Effects of climate change in Arctic driven by seasonality of sea ice

by    DiveSSI    25th July 2017
Polar ice (c) Tom Haine

Dramatic changes to take place prematurely within next decade

At the Arctic Ocean, the sea ice cover shrinks, with the most ice loss observed during the summer months.

A team of scientists have discovered that this reduction has become increasingly seasonal, with the most changes in the Arctic expected to be in the next decade.

During the last autumn and winter in the Arctic, the highest temperatures on record were experienced, with some days plagued with anomalies of up to 16°C.

The reduction of the sea ice cover is typically at a minimum during the summer. It facilitates the warming up of surface waters during the summer, and this delays it from being frozen up during the autumn. This in turn shortens the growing season of the ice and, as a result, the ice is thinner and more vulnerable to melting during the coming summer. Every year, this cycle repeats itself.

A recent study by two scientists from The Johns Hopkins University in Baltimore, USA and the GEOMAR Helmholtz for Ocean Research Kiel used observational data and model simulations to show that major changes are already taking place in the polar seas on the Northern Hemisphere, and will continue to do into the next decade. This is a different projection from other climate models which predict the change to take place in the second half of the 21st century, in the form of an ice-free ocean during the summers.

The findings of the study was published in the Scientific Reports journal. Lead author Professor Thomas Haine said, “Observations show the Arctic is changing over a few decades from a year-round sea ice cover to an ocean that is largely ice-free in summer. For the Earth system, that’s a very rapid pace.” “The Arctic sea ice cover has now reached the same degree of seasonality as in the Antarctic, which is known to have been seasonal as long as observations exist,” he added.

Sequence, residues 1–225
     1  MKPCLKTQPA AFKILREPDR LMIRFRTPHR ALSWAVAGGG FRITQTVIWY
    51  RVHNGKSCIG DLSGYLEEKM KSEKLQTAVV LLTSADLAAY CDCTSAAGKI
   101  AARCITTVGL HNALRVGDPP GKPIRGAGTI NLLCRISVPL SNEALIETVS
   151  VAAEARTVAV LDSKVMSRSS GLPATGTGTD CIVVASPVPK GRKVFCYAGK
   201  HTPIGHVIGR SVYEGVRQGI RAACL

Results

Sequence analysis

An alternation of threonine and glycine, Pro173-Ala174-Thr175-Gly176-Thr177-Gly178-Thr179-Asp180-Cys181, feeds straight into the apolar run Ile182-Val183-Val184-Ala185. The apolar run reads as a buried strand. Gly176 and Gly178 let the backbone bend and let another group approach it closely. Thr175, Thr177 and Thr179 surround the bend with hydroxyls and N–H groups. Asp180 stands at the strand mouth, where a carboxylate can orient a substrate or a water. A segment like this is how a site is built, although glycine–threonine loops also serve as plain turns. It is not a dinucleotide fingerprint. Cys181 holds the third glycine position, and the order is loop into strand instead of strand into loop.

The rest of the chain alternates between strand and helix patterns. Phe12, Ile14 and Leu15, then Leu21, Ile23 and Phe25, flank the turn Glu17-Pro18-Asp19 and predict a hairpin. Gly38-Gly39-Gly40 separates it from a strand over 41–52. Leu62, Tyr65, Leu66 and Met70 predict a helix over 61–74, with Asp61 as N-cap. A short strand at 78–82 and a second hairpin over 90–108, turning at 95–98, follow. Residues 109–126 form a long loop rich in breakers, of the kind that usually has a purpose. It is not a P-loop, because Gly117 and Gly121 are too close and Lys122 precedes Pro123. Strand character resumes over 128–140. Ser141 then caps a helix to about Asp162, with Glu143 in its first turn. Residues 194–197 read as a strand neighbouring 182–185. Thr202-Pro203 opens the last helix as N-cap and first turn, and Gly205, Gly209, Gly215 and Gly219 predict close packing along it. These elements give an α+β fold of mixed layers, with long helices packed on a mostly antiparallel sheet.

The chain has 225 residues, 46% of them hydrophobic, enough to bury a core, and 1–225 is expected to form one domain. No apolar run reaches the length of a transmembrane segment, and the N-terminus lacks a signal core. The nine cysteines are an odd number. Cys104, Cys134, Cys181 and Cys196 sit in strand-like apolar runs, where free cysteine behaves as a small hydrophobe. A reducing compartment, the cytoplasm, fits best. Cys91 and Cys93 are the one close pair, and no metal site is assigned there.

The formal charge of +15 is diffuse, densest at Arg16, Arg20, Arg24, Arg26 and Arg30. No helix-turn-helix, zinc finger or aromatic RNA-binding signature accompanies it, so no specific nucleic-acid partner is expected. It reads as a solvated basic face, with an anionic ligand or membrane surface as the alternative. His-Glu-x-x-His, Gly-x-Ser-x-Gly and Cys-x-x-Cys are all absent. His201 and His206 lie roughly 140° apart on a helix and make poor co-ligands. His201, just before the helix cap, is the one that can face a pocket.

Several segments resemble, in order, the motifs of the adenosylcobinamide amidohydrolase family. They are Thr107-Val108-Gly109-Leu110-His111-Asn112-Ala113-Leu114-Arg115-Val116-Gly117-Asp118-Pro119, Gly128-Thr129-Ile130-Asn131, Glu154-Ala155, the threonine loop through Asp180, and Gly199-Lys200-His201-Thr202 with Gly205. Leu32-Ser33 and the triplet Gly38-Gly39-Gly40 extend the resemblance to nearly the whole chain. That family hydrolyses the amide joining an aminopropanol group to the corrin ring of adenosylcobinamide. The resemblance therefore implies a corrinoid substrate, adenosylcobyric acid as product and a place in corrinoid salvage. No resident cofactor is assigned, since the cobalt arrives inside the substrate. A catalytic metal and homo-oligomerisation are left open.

A seasonality index was used so that an unbiased comparison between the Arctic and Antarctic sea ice for the 20th and 21st century could be done. This was achieved through the use of reconstructions and satellite observations of the sea ice coverage for both locations.

In addition, the results of a modelling project (CMIP – Coupled Model Intercomparison Project) was also taken into consideration to show how sea ice seasonality would develop in the future. Hence, it appears that we are witnessing the transition to a new Arctic.

Co-author Dr. Torge Martin concluded, “In our study, we show that the observed faster warming of the Arctic compare to the global mean – known as “Arctic Amplification” – varies in time and can be expected to decline slowly over the next decades. Further, the current transition of the Arctic sea ice toward a seasonal regime results in a peak in Arctic Amplification. This means the warming rate (not the warming itself) in the Arctic will slowly decrease in the future.” “We thus anticipate that we currently, and over the next decade, witness the most extreme changes in the marine Arctic under anthropogenic climate change – long before the Arctic is projected to be ice-free in summer.

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25th July 2017
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